At the end of the condensation period, water, residual moisture, unreacted phenol and low molecular weight species may be removed by atmospheric, vacuum or steam distillation. The point at which distillation is stopped is usually determined by taking a sample of the resin and measuring its melt viscosity. After the resin has cooled, it can be treated in several ways. It can be sold in lump or flake form, compounded to form molding powders, or it can be ground and blended with hexamine and other fillers.
As another example, a first embodiment of the siloxane-modified phenolic resole resin can be prepared by a batch process using the same equipment previously described for preparing a first embodiment of the siloxane-modified phenolic novolac resin. Typically, molten phenol is charged to the reaction vessel, the agitator is started and silicone intermediate is added. Alkaline catalysts may be added at this time to facilitate formation of the phenolic resole polymer. Formalin is added and the batch is heated. The initial reaction is exothermic. Condensation is usually carried out at atmospheric pressure and at temperatures in the range of from 60° to 100° C. or at reflux. Because siloxane-modified phenolic resole siloxane resins are themselves thermosetting, dehydration is carried out quickly and at low temperatures so as to prevent over-reaction or gelation. The end point is found by manual determination of a specific hot-plate gel time, which decreases as resinification advances. Siloxane-modified phenolic resole resins can be refrigerated to prolong their storage stability.
Second and third embodiments of a siloxane-modified phenolic novolac resin and a siloxane-modified phenolic resole resin, respectively, are prepared by using a phenolic novolac resin and phenolic resole resin, respectively, as starting materials. Suitable phenolic resole and phenolic novolac resins include those previously described above. The second embodiment of the siloxane-modified phenolic novolac resin is prepared by combining in the range of from 75 to 95 percent by weight of the phenolic novolac resin. The third embodiment of the siloxane-modified phenolic resole resin is prepared by combining in the range of from 65 to 99.5 percent by weight of the phenolic resole resin.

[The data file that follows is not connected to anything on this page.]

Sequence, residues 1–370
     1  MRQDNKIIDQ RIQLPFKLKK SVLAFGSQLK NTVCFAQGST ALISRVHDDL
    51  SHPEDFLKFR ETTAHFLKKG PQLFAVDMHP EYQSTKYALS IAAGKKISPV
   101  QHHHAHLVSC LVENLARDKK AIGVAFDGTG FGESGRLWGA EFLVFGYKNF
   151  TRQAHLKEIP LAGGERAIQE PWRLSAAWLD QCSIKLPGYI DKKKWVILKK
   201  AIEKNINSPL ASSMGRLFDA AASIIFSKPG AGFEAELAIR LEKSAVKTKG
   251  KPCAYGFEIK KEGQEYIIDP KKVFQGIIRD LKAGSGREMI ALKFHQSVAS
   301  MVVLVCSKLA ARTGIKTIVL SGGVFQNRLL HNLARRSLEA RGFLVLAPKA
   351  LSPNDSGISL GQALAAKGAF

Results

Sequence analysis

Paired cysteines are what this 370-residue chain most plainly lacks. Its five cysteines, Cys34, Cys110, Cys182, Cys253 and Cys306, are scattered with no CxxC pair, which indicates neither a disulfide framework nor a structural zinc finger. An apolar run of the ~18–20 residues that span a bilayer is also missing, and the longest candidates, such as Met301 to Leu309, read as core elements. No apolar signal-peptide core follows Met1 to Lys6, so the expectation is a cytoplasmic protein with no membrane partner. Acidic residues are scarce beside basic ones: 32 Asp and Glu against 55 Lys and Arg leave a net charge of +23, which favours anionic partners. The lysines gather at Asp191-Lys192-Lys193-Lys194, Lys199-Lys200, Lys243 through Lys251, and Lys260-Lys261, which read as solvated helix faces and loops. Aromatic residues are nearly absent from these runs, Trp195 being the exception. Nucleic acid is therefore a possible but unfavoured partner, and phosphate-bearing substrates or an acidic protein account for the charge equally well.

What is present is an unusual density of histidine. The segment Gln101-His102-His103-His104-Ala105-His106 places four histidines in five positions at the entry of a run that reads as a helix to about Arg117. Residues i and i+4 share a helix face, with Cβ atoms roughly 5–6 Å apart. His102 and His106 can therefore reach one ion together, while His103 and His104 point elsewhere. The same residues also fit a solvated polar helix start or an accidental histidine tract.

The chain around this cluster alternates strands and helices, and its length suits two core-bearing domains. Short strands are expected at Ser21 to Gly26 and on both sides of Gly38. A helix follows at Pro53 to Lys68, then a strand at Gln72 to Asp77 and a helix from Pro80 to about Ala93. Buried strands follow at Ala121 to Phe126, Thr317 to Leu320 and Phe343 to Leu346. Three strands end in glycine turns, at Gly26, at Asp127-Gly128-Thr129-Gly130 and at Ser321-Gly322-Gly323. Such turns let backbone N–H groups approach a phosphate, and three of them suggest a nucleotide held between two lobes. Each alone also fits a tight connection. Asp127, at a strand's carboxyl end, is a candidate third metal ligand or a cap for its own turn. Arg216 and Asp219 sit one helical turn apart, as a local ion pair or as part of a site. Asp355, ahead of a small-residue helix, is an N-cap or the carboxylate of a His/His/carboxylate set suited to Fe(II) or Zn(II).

With respect to the silicone intermediate, those silicone intermediates previously described for preparing the first embodiments of the siloxane-modified phenolic resin are also used to prepare the second and third embodiments of the siloxane-modified phenolic resins. Second and third embodiments of the siloxane-modified phenolic resins may each comprise in the range of from 0.5 to 35 percent by weight of the alkoxy-functional or silanol-functional silicone intermediate.
In the second embodiment, the siloxane-modified phenolic novolac resin is prepared by combining a phenolic novolac resin with a formaldehyde donor and a silicone intermediate. Suitable formaldehyde donors include aqueous formaldehyde solutions, paraform, trioxane, hexamethylenetetramine and the like, a preferred material is hexamethylenetetramine. The second embodiment of the siloxane-modified phenolic novolac resin may comprise in the range of from about 3 to 15 percent by weight of the formaldehyde donor.
The third embodiment of a siloxane-modified phenolic resole resin is prepared by combining a phenolic resole resin with a silicone intermediate. If desired, either an acid or base catalyst can optionally be used to reduce reaction time associated with finally curing the resin. Suitable inorganic acid catalysts that can optionally be used in the third embodiment include phosphoric, hydrochloric, and sulfuric acids. Suitable organic acids that can optionally be used in the third embodiment include paratoluene sulfonic and phenyl sulfonic acids. Latent acid catalysts can also be used in to improve pot life and to increase the application window without gel formation. Suitable base catalysts for curing phenolic resoles include various forms of barium and magnesium oxide, and the like. Commercially available proprietary latent acid type catalysts useful in this invention are available from British Petroleum Chemicals under the trade name Phencat 381 and Phencat 382. Other proprietary catalysts include Borden RC-901, a diphenyl phosphoric acid ester supplied from Dover Corp., having the product name Doverphos 231L, and Georgia-Pacific's GP3839 and GP308D50. The third embodiment of the siloxane-modified phenolic resole resin may comprise up to about 15 percent by weight of the optional acid or base catalyst or curing agent.
If desired, the first, second and third embodiments of the siloxane-modified phenolic resins may each optionally comprise a sufficient amount of catalyst to reduce the reaction time and reduce the reaction temperatures associated with condensing the silicone intermediate and copolymerizing it with the phenolic polymer during formation of the siloxane-modified phenolic resin.